I've reviewed a lot of bad books in this blog. Sadly (and laughably) many or most provide instructions about publishing books.
It seems that the second book that comes from the author of a bad self-published book about anything, is a bad book explaining how she or he created and marketed the first book.
Most of these books are ugly, unedited and inaccurate. I shudder to think that there are people who buy them, read them, follow their advice and create even more garbage.
It was a particular pleasure to buy and read a book about self-publishing that is both accurate and attractive.
The author of Publish Like the Pros: A Brief Guide to Quality Self-Publishing is Michele DeFilippo. Michele is no newbie to publishing. She is an experienced and skilled designer, and owner of 1106 Design -- a company that has provided a wide range of services for many authors. Michele knows what she is talking about -- and that is rare.
Most books about self-publishing are how-to books (I've written some). Michele's book is more of a what-to, and what not-to.
It has become unfortunately easy to become a "published author." You just write a string of words, upload them, hack together something that functions as a cover, and hope and pray.
Michele attacks the common belief that you can "do everything yourself -- no training, no experience, no talent required." She compares this to the folly of someone who is advised by a doctor that surgery is needed, and instead of paying for the operation, gets a medical book, a scalpel and bourbon to function as an anesthetic... and then self-butchers.
While it is unlikely that botched self-publishing will be fatal, it can certainly ruin the reputation of a new author.
The worst mistake that ignorant, egotistical and financially unprepared authors make is to skip professional design and editing. Michele advises that "a good cover is absolutely essential to the success of your book. Cover design is not the place to save money." She also points out that "We have never once proofed a book without finding errors, sometimes hundreds of errors...."
Michele's "Parable of the Pumpernickel Baker" is a tale about a baker who goes broke by offering only pumpernickel bread to customers who want other varieties. This is Michele's device for pointing out how important it is for a publisher to offer both e-books and p-books. "It's risky to provide content in only one form," Michele says. "...It's impossible to count the number of sales that were missed as a result of only offering one format."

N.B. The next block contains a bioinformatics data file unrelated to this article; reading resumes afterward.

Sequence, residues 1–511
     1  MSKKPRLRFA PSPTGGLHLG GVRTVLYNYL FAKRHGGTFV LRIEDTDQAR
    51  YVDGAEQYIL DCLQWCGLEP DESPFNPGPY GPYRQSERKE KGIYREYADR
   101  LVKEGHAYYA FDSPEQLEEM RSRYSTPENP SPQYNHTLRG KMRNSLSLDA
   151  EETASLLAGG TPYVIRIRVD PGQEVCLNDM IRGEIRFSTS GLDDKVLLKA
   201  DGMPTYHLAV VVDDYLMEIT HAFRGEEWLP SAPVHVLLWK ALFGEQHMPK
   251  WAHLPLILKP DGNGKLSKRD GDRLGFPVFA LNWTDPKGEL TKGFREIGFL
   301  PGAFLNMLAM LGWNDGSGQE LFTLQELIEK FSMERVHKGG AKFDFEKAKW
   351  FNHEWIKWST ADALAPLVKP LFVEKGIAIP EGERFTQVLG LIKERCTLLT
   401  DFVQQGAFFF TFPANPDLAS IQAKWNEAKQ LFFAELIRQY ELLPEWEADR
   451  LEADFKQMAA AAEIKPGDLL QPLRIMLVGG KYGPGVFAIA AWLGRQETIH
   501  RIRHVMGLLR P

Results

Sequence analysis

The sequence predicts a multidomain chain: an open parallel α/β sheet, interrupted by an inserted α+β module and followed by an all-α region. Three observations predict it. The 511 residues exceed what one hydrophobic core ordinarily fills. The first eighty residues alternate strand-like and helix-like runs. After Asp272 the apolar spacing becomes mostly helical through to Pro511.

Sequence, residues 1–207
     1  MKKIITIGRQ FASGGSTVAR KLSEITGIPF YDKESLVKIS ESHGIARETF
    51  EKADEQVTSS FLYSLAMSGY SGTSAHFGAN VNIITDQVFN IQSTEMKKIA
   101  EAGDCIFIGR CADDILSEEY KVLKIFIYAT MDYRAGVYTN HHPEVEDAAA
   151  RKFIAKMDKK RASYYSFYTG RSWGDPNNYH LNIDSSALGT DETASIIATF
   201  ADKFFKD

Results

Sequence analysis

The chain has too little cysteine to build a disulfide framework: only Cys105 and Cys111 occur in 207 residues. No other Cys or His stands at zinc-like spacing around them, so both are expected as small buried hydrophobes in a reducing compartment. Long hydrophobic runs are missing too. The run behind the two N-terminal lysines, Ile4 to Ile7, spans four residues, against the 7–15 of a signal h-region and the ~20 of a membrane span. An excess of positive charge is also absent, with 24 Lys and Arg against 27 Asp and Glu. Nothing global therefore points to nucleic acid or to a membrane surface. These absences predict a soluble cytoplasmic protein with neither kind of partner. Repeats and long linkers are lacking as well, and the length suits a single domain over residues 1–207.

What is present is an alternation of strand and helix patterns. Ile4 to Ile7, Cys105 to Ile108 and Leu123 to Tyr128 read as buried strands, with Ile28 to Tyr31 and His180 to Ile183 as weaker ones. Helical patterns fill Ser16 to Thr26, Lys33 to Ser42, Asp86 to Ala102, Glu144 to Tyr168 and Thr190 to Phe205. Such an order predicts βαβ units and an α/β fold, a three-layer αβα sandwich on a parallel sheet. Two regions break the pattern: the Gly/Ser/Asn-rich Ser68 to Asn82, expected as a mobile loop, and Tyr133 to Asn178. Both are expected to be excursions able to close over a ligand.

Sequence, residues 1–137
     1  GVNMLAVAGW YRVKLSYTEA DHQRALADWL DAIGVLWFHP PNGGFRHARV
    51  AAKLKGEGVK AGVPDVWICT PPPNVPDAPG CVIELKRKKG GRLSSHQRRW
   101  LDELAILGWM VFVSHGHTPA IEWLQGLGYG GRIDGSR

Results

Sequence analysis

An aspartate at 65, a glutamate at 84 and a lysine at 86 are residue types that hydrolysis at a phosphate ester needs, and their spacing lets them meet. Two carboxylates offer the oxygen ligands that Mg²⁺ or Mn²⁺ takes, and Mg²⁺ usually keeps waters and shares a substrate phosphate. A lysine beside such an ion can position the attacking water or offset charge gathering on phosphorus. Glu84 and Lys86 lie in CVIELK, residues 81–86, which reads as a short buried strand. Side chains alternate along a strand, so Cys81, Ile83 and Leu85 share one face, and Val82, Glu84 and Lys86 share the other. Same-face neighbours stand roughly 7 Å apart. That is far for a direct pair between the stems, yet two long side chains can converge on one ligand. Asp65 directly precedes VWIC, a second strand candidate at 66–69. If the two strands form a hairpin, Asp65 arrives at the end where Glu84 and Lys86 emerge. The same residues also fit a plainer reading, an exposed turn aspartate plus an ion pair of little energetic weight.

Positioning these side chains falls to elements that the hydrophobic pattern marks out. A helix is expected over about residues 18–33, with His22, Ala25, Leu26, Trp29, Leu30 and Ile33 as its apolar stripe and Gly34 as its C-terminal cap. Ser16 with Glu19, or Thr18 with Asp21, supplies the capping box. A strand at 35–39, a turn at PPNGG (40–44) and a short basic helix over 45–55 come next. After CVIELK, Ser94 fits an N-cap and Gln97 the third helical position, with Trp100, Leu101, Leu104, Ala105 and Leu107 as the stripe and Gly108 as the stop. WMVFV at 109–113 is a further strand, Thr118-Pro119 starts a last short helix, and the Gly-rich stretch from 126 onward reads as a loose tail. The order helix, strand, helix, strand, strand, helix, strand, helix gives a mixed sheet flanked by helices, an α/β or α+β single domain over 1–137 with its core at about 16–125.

Some more good advice: "If you don't write convincing text for the outside of your book, your readers may never get as far as the inside, so give your title and back cover the attention they deserve!"
And: "Humans are programmed from birth to look longer at things we haven't seen before. In prehistoric times, this instinct saved us from the saber-toothed tiger prowling outside the cave. Today, it means that your buyers will look longer at your cover if it's interesting and different, and the longer buyers look, the more likely they are to buy." (I followed this advice and revised the covers on a series of books I am working on. Thanks, Michele.)
Although I've been reading for nearly 60 years, professionally writing for over 40 years, and publishing for four years, I can still learn. Michele made me aware of the problem of "word stacks -- where the same word falls one above the other on several consecutive lines of text." Thanks. Michele.
Michele does an excellent job of explaining the publishing sequence, advises on having productive relationships with service-providers, and tells writers how to keep costs from getting out of hand. Did you know that correcting an "AA" will cost money but correcting a "TE" should be free?
The inexpensive book is slim (just 79 pages) but has an extensive chapter on book distribution, pricing and marketing that may be more useful than some huge books about book marketing.
I don't agree with everything Michele wrote in the book, such as blogging every day is "overkill" (well, maybe it is overkill for blogs about fiction books); and I format my own book pages because I make a huge number of changes and want complete control over my pages. But Michele provides so much good advice, and such important advice, that I strongly recommend this book to anyone considering -- or already involved in -- self-publishing.
Michele will be a guest blogger here very soon. Check back and learn something important.
I don't want today's blog title to imply that this is the first good book I've read about self-publishing. There are others, but so few good ones and so many bad ones, that this one deserves the "WOW."